But regardless of what is lacking in their lineup, the new Radeon HD cards are aimed at filling a specific need. We will talk about what they bring to the table and how they manage to do the job AMD has designed them to perform. First up is a brief look back at what's actually inside these GPUs.

UPDATE: In going back to add power tests, we discovered that the GeForce 8600 GTS we used had a slight overclock over the stock version. We have gone back and rerun our tests with the GeForce 8600 GTS at stock clock speeds and our current graphs reflect the new data. The changes, generally on the order of 5%, did not have a significant impact on the overall outcome of the article. There are a couple cases where the performance gap narrows, but the fact remains that the 8600 GTS is under powered and the 2600 XT is generally more so.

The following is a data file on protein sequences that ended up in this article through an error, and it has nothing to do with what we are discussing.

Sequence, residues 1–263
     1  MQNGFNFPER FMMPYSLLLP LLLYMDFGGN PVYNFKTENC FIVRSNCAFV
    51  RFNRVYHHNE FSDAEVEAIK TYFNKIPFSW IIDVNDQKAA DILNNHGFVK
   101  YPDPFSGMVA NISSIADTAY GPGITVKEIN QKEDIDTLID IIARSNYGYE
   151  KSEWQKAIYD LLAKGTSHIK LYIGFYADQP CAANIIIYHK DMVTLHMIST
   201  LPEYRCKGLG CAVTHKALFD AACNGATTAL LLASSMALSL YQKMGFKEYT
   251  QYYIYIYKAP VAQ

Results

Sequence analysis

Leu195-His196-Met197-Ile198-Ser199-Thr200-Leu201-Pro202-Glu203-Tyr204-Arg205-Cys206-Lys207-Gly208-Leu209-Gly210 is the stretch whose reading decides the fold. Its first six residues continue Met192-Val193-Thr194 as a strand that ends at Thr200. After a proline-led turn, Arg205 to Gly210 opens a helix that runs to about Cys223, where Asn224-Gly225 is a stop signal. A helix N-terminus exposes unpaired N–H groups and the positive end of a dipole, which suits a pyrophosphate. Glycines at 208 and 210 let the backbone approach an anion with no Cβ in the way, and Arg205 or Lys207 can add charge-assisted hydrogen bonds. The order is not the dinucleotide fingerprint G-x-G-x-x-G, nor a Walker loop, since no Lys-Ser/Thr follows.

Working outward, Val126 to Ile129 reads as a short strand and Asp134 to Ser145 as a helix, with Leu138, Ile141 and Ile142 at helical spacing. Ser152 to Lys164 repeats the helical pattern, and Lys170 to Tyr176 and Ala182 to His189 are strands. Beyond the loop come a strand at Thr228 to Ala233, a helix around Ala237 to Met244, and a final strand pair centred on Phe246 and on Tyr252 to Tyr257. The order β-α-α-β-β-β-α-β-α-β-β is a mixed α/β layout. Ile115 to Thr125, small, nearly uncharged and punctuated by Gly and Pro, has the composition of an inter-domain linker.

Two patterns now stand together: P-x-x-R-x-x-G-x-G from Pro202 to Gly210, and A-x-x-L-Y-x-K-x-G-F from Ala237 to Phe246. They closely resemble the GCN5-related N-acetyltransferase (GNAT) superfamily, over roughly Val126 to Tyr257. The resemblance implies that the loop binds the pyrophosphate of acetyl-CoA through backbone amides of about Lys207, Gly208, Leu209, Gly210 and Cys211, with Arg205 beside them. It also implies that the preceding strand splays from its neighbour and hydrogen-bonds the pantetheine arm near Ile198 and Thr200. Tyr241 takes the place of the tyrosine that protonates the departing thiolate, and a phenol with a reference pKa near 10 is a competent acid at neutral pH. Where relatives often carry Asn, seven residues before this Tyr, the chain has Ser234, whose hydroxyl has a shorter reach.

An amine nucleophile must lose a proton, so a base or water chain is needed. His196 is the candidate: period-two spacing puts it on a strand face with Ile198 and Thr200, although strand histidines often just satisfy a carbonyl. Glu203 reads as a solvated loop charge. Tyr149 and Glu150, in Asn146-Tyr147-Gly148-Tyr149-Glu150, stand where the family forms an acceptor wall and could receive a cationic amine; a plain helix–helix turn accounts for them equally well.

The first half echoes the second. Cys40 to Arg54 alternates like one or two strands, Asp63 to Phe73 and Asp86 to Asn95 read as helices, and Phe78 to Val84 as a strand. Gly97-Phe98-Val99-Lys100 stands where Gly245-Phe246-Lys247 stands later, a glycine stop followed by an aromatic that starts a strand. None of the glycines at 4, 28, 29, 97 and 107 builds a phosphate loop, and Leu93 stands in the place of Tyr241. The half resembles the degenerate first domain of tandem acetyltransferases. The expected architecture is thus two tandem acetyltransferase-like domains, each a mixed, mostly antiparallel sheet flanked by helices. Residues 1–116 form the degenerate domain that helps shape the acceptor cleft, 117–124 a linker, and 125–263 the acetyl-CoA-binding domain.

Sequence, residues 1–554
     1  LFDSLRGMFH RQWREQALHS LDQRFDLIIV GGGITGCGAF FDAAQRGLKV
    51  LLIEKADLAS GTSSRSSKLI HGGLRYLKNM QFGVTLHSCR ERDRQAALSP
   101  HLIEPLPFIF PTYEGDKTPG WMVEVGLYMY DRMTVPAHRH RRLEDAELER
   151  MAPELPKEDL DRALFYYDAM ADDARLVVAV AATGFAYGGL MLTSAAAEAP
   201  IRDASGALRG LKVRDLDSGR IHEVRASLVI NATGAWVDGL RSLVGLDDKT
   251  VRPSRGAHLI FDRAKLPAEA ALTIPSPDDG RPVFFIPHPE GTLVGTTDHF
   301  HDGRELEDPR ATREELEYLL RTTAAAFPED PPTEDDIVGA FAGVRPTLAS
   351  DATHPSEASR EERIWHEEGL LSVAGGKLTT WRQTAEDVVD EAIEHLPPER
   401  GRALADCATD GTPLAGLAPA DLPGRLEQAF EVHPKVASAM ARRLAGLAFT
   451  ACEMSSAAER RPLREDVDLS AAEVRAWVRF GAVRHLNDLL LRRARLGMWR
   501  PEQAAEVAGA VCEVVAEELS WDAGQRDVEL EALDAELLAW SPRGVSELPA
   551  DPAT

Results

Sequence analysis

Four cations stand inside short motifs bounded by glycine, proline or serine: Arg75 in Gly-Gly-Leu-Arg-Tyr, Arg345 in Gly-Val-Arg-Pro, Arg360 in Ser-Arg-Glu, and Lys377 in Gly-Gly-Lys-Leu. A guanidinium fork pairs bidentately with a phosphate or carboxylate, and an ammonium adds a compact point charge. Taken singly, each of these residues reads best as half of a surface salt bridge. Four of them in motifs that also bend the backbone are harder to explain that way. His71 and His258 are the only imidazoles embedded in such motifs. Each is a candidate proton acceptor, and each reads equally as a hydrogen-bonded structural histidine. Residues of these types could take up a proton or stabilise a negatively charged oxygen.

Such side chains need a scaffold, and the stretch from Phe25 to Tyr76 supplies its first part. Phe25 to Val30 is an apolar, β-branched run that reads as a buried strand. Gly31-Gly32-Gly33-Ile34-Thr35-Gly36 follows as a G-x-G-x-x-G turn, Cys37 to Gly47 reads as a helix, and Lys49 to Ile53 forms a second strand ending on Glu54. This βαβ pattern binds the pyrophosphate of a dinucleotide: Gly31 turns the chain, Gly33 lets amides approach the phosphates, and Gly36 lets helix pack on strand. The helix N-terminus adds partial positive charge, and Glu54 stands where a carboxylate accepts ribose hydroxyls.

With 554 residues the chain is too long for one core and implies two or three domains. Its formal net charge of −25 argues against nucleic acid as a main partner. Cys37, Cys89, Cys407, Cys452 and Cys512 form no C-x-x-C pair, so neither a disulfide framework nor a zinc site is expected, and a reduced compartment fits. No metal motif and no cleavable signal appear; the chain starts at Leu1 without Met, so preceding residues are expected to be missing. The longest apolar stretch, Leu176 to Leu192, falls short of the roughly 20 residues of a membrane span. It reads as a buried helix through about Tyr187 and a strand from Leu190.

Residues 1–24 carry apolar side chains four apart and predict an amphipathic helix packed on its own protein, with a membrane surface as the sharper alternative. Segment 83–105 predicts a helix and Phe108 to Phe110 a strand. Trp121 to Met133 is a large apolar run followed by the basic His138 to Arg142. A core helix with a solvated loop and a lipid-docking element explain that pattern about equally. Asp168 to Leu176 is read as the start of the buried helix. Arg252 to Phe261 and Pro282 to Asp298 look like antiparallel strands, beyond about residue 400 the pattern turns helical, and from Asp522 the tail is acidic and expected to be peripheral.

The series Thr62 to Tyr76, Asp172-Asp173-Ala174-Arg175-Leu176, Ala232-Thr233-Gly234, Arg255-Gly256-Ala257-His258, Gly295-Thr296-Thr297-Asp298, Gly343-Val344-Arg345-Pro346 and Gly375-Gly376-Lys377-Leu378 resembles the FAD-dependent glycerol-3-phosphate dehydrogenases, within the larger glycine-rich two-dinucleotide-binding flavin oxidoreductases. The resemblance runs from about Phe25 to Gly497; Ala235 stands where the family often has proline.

We do apologize for the initial testing error, and we will certainly do everything we can to avoid such problems in the future.


A Closer Look at RV610 and RV630
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  • Makaveli - Thursday, June 28, 2007 - link

    All of you guys posting wait for the DX 10 benchmarks do u seriously think the FPS is gonna double from DX9. These cards are a joke, and ment for OEM systems. They are not gonna release a good midrange card to creep up on the 2900XT and take sales away from it. And they will make far more money selling these cards to OEM's than the average joe blow. The people who are gonna suffer from this is the fools who buy pc's at Best buy and futureshop, that believe they are getting good gaming cards.

    All I gotta say is you get what you pay for.

    Hugs my X1950Pro 512MB AGP!
    Reply
  • guste - Thursday, June 28, 2007 - link